Summary: Microsoft Scripting Guy, Ed Wilson, shows how to use a central file to simplify configuring your Windows PowerShell profile.
Hey, Scripting Guy! So can you tell me without all the chatter, what is the best way to create a single Windows PowerShell profile? I don’t want to hear about a whole lot of other junk because I am rather busy. So please, as one American police person on television used to say, “Just the facts, just the facts.”
Microsoft Scripting Guy, Ed Wilson, is here. Today is the third day in a row that we have had the windows open and the air conditioner turned off. The cool breeze and sounds of birds playing in the lawn are a welcome relief to the incessant thrum of electric motors. I just fixed a pot of Gun Powder Green tea with a half spoonful of organic lavender and a cinnamon stick for my midmorning tea. I also opened the cookie jar, and retrieved the next to last Anzac biscuit. I gave the Scripting Wife the last Anzac biscuit in honor of her appearance tonight on the PowerScripting Podcast. She and Hal’s wife will be the guests on the show tonight, and it is sure to be a hoot. We did pretty well at making the Anzac biscuits last as long as possible. We cannot find Anzac biscuits in Charlotte, so a friend who is a Windows PowerShell MVP in Australia shuttled them to us via another Windows PowerShell MVP from Charlotte. We retrieved the elusive biscuits in the parking lot of the Microsoft office in Charlotte one night following a Windows PowerShell User Group meeting.
Note This is the third in a series of four blogs that discuss the Windows PowerShell profile. The first blog, Understanding the Six PowerShell Profiles, appeared on Monday. The second blog, Deciding Between One or Multiple PowerShell Profiles debuted on Tuesday. For additional information about the Windows PowerShell profile, refer to this collection of blogs on the Hey, Scripting Guy! Blog.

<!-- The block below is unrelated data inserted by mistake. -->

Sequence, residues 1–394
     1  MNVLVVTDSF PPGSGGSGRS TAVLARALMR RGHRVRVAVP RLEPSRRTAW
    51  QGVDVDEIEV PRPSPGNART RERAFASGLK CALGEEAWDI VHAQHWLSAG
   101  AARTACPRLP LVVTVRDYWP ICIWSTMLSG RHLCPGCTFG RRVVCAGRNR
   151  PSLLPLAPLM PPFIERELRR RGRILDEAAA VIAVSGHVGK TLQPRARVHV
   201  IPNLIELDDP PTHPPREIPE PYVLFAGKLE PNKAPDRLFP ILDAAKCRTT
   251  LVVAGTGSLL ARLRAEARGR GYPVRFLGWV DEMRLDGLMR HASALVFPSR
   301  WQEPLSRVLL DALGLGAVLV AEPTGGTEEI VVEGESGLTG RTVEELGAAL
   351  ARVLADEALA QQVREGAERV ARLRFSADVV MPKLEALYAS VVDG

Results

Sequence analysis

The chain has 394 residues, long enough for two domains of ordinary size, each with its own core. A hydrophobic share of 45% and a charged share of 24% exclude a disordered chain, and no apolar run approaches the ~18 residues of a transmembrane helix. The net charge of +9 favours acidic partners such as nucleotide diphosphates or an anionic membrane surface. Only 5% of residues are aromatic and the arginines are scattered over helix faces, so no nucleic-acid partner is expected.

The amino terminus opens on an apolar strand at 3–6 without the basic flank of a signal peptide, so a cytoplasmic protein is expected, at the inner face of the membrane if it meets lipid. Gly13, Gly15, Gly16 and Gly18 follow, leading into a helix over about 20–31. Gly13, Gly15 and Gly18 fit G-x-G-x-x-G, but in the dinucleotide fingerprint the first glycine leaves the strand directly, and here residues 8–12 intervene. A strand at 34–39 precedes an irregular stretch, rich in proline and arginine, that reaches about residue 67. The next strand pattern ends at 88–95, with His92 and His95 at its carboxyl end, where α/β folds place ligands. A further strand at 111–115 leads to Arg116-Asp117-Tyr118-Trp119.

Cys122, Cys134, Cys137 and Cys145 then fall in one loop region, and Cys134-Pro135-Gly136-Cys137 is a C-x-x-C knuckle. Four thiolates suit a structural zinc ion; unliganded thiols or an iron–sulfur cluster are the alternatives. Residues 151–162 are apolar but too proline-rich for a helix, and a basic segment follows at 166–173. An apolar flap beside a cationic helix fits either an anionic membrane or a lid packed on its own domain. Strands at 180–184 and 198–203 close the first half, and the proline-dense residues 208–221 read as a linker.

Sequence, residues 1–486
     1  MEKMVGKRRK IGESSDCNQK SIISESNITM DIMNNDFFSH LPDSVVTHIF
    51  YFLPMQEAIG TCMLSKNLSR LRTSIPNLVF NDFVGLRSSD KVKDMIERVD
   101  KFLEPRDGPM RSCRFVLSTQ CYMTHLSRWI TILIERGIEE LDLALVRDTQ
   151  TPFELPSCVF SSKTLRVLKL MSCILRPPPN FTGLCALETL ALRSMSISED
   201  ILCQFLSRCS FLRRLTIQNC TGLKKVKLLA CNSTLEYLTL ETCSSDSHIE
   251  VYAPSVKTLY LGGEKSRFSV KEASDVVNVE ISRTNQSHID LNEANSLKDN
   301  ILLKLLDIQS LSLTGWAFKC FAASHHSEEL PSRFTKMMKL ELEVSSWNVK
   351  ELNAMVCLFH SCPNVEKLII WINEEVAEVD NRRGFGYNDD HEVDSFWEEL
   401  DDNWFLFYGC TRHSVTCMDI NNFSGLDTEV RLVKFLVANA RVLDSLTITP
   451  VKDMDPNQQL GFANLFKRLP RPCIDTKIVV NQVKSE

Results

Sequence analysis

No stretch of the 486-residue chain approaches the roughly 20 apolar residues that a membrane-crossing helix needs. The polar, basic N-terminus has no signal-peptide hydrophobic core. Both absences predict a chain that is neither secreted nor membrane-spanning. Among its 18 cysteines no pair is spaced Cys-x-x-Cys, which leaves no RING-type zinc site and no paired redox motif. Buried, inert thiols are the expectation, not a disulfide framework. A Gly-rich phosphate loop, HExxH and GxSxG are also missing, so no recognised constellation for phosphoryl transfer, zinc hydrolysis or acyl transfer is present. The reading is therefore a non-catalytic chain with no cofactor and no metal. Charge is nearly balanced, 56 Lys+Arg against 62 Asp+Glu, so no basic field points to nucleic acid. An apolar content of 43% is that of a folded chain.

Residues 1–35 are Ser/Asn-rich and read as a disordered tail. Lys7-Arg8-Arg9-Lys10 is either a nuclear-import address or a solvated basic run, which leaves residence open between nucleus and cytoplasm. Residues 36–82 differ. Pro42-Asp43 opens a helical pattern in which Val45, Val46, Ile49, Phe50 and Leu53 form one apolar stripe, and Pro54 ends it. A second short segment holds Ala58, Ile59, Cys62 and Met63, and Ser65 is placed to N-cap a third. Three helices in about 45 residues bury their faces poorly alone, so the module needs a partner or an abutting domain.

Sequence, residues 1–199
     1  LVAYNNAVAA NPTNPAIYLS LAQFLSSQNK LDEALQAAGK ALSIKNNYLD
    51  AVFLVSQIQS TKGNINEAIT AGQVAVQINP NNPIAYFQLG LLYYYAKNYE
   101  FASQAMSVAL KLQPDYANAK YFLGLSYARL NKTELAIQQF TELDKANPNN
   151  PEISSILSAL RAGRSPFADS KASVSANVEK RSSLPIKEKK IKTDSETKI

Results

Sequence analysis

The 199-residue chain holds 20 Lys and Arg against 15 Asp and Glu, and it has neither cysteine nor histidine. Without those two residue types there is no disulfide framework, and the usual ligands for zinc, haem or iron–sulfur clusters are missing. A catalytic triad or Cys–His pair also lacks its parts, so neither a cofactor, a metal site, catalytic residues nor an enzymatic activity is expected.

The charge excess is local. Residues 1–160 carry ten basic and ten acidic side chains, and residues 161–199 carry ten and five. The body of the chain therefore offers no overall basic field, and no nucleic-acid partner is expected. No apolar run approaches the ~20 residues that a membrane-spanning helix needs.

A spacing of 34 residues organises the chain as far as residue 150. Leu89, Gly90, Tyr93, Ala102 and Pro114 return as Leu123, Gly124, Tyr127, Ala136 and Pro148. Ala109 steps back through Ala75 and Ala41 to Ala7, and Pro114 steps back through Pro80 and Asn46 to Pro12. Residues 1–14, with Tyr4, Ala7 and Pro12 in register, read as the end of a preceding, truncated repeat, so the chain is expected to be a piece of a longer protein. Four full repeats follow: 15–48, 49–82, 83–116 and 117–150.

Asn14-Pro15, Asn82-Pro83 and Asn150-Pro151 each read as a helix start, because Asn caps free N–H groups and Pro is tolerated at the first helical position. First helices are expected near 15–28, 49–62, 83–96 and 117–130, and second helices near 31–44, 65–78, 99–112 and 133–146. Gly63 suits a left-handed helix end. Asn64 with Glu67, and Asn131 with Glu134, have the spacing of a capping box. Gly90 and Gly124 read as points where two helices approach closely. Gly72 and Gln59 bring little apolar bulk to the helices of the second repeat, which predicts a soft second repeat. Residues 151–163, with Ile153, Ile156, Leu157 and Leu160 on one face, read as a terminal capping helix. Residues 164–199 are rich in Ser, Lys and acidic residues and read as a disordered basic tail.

One Windows PowerShell profile—but which one?
One way to use a single Windows PowerShell profile is to put everything into the all users, all hosts profile. I know some companies that create a standard Windows PowerShell profile for everyone in the company, and they use the all users, all hosts profile as a means of standardizing their Windows PowerShell environment. The changes go in during the image build process; and therefore, the profile is available to machines built from that image.
Advantages of using the all users, all hosts profile
- Simplicity. One location for everything, especially when added changes during the build process.
- One file affects all Windows PowerShell users and all Windows PowerShell hosts.
- No conflict between Admin users and non-admin users, both types of users use the same profile.
- $profile.AllUsersAllHosts always points to the correct file.
- Great for central management—one file for all users of a machine.
When to use the all users, all hosts profile
- For a personal profile when duties require elevation and non-elevation of permissions across multiple Windows PowerShell hosts.
- As part of a standard image build to deploy static functionality to numerous machines and users.
Disadvantages of using the all users, all hosts profile
- You must have administrator rights on the current machine to make changes to the file.
- No distinction between different hosts—some commands do not work in ISE, and others do not work in the Windows PowerShell console.
- No distinction between administrator users and non-admin users. Non-admin users cannot run some commands.